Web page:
There’s this weird idea in coaches that you have to charge all your clients the same amount. Sure, if you found out I sold you a t-shirt for $20 that I normally charge $10 for you’d feel ripped off, but the comparison is a bad one.
Coaching is more complex than a t-shirt and the price you charge has more to do with the level of commitment than the specific work you do or even the outcomes they’ll create.
Having said that, there are 3-4 good reasons why you might consistently charge clients a different rate for coaching. I’ve laid them out in this video with a summary below:
1) They have different profiles –
(job titles, income streams, positions, types of work)
I sometimes charge CEO’s a different rate than I would charge a new coach. And I’m certainly more willing to work to get a yes with a really talented coach than a CEO. Partially it’s because the type of person is different and often the portion of income they are investing is different.
That’s certainly the case with the nun I coach who runs a hospice. I charge her less because I believe in her work and also because she’s a nun.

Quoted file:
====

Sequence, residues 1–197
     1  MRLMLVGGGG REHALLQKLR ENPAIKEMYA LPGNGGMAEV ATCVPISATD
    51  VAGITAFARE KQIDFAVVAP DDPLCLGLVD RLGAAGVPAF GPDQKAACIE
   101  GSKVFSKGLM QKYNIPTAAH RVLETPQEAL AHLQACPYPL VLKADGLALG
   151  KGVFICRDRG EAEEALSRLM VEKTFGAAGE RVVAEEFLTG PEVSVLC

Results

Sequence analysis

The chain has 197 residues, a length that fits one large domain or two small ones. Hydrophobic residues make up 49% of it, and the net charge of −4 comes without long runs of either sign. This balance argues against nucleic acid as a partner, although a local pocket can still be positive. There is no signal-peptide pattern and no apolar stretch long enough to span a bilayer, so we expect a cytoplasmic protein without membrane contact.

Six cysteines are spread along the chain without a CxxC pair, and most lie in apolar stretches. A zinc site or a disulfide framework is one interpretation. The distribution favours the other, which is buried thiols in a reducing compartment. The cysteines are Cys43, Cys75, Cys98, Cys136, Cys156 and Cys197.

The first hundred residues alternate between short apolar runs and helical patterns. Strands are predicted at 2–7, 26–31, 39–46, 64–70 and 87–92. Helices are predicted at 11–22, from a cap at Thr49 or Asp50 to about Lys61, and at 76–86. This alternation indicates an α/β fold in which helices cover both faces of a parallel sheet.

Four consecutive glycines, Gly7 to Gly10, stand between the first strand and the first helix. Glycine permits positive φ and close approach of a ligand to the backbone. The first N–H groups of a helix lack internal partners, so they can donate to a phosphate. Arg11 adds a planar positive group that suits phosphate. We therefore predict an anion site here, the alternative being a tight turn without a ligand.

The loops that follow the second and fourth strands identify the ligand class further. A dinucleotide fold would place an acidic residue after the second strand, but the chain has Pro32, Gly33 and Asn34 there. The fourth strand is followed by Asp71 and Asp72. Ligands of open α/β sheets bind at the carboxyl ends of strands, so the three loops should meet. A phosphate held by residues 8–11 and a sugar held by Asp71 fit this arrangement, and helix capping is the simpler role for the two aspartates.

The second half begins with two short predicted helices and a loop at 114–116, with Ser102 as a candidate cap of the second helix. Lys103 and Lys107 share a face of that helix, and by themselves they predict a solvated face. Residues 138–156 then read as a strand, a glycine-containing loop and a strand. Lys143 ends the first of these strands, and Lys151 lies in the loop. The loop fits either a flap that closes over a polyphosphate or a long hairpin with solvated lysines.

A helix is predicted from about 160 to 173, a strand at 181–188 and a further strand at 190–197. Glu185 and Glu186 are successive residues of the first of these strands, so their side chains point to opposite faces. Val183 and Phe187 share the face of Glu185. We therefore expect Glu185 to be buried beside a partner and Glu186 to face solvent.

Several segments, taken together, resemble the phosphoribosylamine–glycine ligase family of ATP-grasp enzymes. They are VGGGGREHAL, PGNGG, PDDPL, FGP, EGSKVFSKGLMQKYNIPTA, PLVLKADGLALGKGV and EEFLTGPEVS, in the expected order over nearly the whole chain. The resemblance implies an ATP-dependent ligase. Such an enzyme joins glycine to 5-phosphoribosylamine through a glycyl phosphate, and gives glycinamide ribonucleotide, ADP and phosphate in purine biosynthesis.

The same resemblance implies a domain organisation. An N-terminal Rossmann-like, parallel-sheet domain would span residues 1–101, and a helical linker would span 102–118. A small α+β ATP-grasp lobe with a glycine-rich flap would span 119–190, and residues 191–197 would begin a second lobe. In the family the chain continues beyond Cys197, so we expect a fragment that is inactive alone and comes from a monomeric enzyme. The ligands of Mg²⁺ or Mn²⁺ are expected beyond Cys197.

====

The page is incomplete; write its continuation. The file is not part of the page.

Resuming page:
2) The perceived value is different –
I’ve paid $40k+ for 1-1 coaches but I can’t imagine hiring a trainer for that same amount. Not because trainers have less skill but the value of that is less in the market. If you coach CEO’s and you coach career transition people the CEO might be seen as more valuable. Whether or not that’s true, it means you could decide to charge differently for career coaching.
I’d rather have you create a better explanation of the value of your career coaching instead, but sometimes the perceived value or going rate does have an impact on what you can charge.
3) The work is different –
I have a client I only work with twice a month and she pays less than another client who I work with every week. I charge $5k to do a strategic planning session which is a little less than my hourly rate for coaching. And the mastermind group I run costs 1/10th of what working with me 1-1 costs.
I charge different rates because the work is different. Sometimes I do different work and charge the same rate. After all, time doesn’t always equal value, but if the work is different you might charge something different.
4) The entity you’re serving is different –
If you’re being hired by a company vs an individual you might charge something else. Usually, this means the work is different but it may not be. It could be the same work, but since the client is the company you might charge more. This is similar to #1 but not exactly the same. Because it acknowledges that Business to Business sales can be different than when you sign a deal directly with a client.